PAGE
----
It’s rattlesnake season again. This year, the poor snakes are rather confused – whenever it warms up and they try to come out of hibernation, a new bout of cold and wet weather sends them back into their holes. According to their calendar, it’s time to resume their social life but the elements are not cooperating and I started seeing baby snakes hopefully sunning themselves in the middle of the road but still sleepy enough to be easily flattened by passing car tires.
I am not a big fan of snakes but since moving to this canyon I have taken a live and let live attitude – as long as they don’t get it into their heads to attack me (and they don’t really, unless provoked) I will just circle around them. When I take Ottie for walks now, I have to keep my eyes glued to the ground and, upon seeing one, I screech and yank him to the other side of the road – confused as much as the snake, he obliges. So far, he hasn’t taken much of an interest in them and I wonder if he has inner alarm bells that go off in their presence as he will chase after every lizard, bird, squirrel, possum and frog running in his line of vision. But not snakes.
A rattlesnake bite, especially from a young one whose venom is fresh and powerful, I am told will cause swelling, severe flu- like symptoms, with fever, chills and monstrous pain for a few days. It’s not lethal in humans (I once met someone who boasted having survived a bite without taking the anti-venom, bragger..) but it is often in dogs as they typically get bit on their faces while poking their noses where they shouldn’t and a human might not necessary be around to whisk them immediately to a clinic. Despite Ottie’s reluctance to strike a friendship with rattlers, I am investing in a vaccine next week that will buy me more time to get him to a ER should he get bitten.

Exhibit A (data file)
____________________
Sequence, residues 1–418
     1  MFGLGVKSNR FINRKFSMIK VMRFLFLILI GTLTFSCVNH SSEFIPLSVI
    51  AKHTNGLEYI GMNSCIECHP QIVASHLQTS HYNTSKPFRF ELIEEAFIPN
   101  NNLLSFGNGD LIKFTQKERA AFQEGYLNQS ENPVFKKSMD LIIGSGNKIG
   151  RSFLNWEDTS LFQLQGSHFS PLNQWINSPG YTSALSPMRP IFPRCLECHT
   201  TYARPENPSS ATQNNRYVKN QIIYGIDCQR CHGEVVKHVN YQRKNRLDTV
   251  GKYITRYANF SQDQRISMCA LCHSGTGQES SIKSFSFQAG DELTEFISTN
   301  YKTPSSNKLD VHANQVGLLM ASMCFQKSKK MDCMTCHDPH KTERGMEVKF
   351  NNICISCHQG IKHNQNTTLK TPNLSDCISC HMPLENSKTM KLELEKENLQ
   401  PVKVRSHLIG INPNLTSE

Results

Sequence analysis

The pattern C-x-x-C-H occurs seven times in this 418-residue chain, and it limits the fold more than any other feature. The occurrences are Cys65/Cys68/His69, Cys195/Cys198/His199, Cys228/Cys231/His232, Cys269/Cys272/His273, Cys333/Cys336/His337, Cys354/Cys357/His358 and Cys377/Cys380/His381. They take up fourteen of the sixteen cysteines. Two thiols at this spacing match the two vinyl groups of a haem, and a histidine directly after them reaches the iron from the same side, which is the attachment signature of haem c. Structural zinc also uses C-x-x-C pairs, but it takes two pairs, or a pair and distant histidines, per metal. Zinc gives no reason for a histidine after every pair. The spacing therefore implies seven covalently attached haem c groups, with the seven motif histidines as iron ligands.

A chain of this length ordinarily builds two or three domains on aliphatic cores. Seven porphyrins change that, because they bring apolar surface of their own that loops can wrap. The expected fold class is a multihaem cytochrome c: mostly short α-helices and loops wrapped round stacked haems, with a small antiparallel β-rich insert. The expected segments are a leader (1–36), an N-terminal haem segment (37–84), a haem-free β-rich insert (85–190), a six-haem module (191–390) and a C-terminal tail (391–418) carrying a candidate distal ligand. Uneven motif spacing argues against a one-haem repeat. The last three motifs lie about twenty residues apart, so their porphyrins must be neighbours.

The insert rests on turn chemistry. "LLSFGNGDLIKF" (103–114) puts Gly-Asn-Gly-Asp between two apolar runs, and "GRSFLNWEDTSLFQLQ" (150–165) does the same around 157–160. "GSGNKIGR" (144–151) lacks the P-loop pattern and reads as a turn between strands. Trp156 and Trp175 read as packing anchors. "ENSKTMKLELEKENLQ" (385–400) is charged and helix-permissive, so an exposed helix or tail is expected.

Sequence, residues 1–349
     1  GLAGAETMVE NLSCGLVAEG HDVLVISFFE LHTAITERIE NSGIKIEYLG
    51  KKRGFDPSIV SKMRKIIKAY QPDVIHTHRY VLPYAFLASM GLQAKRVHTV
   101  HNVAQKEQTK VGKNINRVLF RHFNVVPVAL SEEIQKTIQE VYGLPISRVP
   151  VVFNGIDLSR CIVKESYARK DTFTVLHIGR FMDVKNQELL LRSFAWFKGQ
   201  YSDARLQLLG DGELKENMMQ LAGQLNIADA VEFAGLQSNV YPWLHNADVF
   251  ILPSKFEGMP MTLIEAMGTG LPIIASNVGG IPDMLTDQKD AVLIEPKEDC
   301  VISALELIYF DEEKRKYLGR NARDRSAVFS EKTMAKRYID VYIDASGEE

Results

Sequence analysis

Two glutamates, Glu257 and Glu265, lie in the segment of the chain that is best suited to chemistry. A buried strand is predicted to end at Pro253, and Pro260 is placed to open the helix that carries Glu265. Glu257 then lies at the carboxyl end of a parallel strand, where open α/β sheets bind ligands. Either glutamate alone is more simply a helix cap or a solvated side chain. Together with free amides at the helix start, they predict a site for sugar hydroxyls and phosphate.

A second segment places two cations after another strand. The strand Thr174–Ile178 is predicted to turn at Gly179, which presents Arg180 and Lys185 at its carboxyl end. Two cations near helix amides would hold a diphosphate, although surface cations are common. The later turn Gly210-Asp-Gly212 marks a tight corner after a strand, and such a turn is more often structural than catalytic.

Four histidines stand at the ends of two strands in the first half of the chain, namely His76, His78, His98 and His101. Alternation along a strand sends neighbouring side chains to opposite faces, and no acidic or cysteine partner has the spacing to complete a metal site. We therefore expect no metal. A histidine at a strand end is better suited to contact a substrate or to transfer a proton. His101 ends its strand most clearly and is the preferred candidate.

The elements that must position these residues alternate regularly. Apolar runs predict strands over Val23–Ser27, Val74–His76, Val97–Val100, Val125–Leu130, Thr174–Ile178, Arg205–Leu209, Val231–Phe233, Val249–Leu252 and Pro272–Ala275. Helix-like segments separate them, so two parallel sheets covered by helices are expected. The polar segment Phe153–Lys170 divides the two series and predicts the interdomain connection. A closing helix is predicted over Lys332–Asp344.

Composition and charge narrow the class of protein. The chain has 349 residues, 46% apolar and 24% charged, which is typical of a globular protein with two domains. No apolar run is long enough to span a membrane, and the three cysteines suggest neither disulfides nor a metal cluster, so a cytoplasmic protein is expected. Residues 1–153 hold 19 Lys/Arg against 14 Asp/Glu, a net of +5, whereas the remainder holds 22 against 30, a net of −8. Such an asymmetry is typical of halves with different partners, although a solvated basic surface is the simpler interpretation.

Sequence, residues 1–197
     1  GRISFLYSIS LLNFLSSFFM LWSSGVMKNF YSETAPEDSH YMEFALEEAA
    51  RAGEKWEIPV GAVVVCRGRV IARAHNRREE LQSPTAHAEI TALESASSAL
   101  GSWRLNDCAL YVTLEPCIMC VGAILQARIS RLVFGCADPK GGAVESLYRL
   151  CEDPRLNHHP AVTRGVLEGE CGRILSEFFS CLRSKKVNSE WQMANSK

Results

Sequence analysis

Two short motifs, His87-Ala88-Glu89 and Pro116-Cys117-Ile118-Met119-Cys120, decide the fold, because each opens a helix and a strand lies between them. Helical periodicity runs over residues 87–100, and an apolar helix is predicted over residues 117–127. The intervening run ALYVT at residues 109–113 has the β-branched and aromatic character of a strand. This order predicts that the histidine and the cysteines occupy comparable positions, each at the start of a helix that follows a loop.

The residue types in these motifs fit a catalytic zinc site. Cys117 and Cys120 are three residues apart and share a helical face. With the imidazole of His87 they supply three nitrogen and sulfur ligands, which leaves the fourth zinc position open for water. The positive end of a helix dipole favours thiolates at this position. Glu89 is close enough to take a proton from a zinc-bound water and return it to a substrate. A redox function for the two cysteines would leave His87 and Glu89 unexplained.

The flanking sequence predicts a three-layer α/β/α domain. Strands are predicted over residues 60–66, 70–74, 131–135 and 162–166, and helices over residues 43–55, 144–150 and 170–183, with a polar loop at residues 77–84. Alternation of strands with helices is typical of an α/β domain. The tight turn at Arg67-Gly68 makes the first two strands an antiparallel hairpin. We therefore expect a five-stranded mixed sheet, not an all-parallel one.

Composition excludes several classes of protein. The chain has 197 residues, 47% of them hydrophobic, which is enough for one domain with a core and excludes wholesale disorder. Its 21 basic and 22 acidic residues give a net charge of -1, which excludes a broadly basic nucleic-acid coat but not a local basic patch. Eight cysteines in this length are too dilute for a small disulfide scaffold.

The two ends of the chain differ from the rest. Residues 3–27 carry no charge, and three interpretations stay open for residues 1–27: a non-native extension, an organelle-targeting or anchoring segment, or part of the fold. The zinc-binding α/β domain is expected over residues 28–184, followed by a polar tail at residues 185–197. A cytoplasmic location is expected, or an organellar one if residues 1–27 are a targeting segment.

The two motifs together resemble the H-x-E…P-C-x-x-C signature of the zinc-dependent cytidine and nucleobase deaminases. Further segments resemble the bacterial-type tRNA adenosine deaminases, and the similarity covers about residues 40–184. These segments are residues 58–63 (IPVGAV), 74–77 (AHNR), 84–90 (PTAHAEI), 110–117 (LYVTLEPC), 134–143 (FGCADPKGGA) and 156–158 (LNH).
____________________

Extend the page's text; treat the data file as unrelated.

Last week, my neighbour A. let me know that a rattlesnake had appeared under some rocks in her garden. When I asked her for an update over the week-end, she informed me it was gone, before the snake re-locator (yes, there is such a job) could make his way over. Where do they re-locate them anyway? Someone else’s property, a park where people go hiking? I did not enquire. Well, Joe the snake relocated himself near my garage – he could be seen today coiled next to a pile of decorative rocks, enjoying the fading sun.
I am really against killing any life form but I started pondering what my options were. I could have called the re-locator who probably wouldn’t hurry over as he hadn’t for my neighbour. A phone call the County Wildlife Protection Dept would have been useless – with all the budget cuts unless I call to report the sighting of a crocodile in my yard no one will give a shit. Option number 3 was the Executioner – he would rather be called The Snake Charmer and is an extremely renowned plastic surgeon living nearby who, when not reconstructing people’s faces, enjoys horse riding and hunting and owns a snake gun. Yes, there is such a thing and when he first showed it to me I considered purchasing one – I am also against guns in principle and I eventually abandoned my plan because I know I am too much of a wuss to ever use it.
“Mal, there is snake in my front yard – are you up for some target practice?”
“I will be right over”
For about half an hour I kept on stealing glances towards Joe the snake, knowing I had sealed his fate. He was fat and happy, fresh out of a long sleep but he had taken up residence too close for Ottie’s comfort. It took five (very loud) shots to dispatch Joe to its maker. Mal severed the head once the deed was done (are they like vampires?) and told me the body would keep on moving for several hours. I watched mesmerized as both the head and the body writhed and crawled.
Maybe tomorrow I will hang Joe over my gate to discourage any other rattlers from moving into my ‘hood. See if that works.